Innovation is essential. But it is difficult and risky. Inspired by great explorers like Columbus, Magellan, Amundsen, Hillary and Armstrong a method for ideating new concepts was developed, designed as an expedition.
When starting innovation, a lot of the same mistakes are made over and over again. Here is how you can recognize and avoid them.
Often times coming up with new ideas is not the hard part. In this example, a team came up with 752 new business ideas in a single workshop. But how can you pick the ‘right’ ideas? Gijs van Wulfen shares five lessons that he has learned in his innovation practice.
Last week an innovation team of G+J Publishers in Amsterdam generated 752 new business ideas in 4 hours. How did they do it? Five reasons caused the explosion of ideas during their ideation workshop.
In every organization you have anti-innovators. They are stuck in their habits; are ignorant the world is changing fast and think that they have nothing to fear. Actually, they are quite human. We all love our habits. Gijs van Wulfen explains how to get them motivated.
Innovation is a paradox for management. On the one hand you are well aware that you have to take new roads before you reach the end of the present dead end street. On the other hand it is risky. It takes a lot of time. And it takes a lot of resources. Research shows that only one out of seven innovation projects is successful. So saying yes to innovation is a step into the unknown. It creates fear of failure, which causes fear to innovate. It's like sailing to the South Pole like Shackleton, where the surrounding ice can stop you any moment.
The race for the South Pole was a big event at the beginning of the twentieth century. Roald Amundsen was described as practical, pragmatic and ruthlessly ambitious. As a child Amundsen dreamed of being a polar explorer. In this article Gijs van Wulfen looks at his story as a source of inspiration for innovators.
Being an effective innovator is not an easy task. The good news is that you can learn from others’ experiences. Gijs van Wulfen walks us through some of the important lessons he learned as a marketer, strategy consultant and innovation facilitator.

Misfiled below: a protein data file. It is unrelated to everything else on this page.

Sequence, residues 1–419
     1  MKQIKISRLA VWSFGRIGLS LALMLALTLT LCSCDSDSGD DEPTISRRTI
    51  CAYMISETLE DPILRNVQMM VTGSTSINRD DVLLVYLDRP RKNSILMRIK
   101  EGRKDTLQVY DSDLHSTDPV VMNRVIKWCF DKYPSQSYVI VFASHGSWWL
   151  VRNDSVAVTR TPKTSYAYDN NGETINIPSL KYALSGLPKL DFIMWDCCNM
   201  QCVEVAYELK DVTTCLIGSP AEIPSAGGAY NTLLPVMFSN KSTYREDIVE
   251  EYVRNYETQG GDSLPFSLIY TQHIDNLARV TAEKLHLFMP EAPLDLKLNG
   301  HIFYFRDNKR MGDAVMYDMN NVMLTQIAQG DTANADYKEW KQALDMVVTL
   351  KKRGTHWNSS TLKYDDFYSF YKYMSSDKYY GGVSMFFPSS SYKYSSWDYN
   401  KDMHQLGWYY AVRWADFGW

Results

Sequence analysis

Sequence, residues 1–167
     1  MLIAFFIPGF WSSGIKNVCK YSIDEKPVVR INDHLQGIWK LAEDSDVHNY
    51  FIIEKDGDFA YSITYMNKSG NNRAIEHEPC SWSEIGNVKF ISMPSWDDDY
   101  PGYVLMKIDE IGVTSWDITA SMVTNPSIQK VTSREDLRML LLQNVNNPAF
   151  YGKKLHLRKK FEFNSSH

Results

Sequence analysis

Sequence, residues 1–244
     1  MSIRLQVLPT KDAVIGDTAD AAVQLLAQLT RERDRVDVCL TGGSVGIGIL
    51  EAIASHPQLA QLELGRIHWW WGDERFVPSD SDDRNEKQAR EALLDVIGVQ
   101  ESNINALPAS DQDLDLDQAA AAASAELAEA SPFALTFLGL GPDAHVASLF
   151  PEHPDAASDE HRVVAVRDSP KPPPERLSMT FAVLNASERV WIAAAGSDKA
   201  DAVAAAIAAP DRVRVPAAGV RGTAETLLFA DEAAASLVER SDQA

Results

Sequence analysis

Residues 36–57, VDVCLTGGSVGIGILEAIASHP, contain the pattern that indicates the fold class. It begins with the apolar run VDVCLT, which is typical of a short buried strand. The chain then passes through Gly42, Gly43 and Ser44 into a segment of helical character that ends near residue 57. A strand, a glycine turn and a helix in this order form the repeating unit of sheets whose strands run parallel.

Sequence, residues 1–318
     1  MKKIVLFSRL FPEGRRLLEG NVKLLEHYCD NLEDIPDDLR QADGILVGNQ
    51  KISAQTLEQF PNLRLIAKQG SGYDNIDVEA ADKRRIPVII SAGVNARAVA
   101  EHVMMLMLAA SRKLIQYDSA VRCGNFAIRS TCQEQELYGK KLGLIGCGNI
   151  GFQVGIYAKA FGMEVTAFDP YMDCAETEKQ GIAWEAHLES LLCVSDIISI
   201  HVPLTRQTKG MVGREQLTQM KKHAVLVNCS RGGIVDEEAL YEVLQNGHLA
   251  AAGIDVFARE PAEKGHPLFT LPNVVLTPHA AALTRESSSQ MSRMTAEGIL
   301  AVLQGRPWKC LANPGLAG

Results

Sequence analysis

Is it possible that only a quarter of all companies are highly effective at the front end of innovation? If so, what kinds of companies are most successful at the ideation and conversion stages? Gijs van Wulfen describes three different kinds of companies and suggests the Need Seekers strategy offers the greatest potential for superior performance in the long term.
Sometimes the most difficult part of innovation is how to survive your innovation project internally. Most organizations that really need to innovate have a risk adverse culture and managing innovation has everything to do with managing expectations and reducing risks. Gijs van Wulfen offers seven practical tips how to survive your innovation project.
Innovation is often regarded as a journey of discovery. Small steps or large, its purpose is locating and conquering new innovation territory. When incremental explorations are not enough though, it might be time to sail off the map. In this article, Gijs van Wulfen takes a look at Christopher Columbus’ example, and how urgency, courage, new technology, teamwork and perseverance can help corporate explorers reach the New Found Land.
Reaching the highest point of the Earth is one of the greatest expeditions of mankind. It made Edmund Hillary famous. After reading Hillary’s ‘View from the Summit’ Gijs van Wulfen shares ten innovation lessons on being 1st.
After reading Neil Armstrong’s biography, Gijs van Wulfen discovered there are many lessons from the Apollo 11 trip which can be applied to our everyday innovation projects. Here are seven inspirational lessons learned. Can you think of more?
Innovation nowadays has many similarities with voyages of discovery in the past. In this blog Gijs van Wulfen walks us through practical learnings for innovation inspired by successful explorers.
Customers change. Competitors change. Technology changes. If you don’t do anything, new and competitive products catch up and overtake your products and services quickly. A study by A.D. Little has shown that the life cycle of products has decreased by factor 4 the last fifty years. So innovation is essential. But it is time consuming. It demands a lot of resources. And a positive outcome is very uncertain. In this blog Gijs van Wulfen offers a helping hand by identifying five common mistakes to avoid.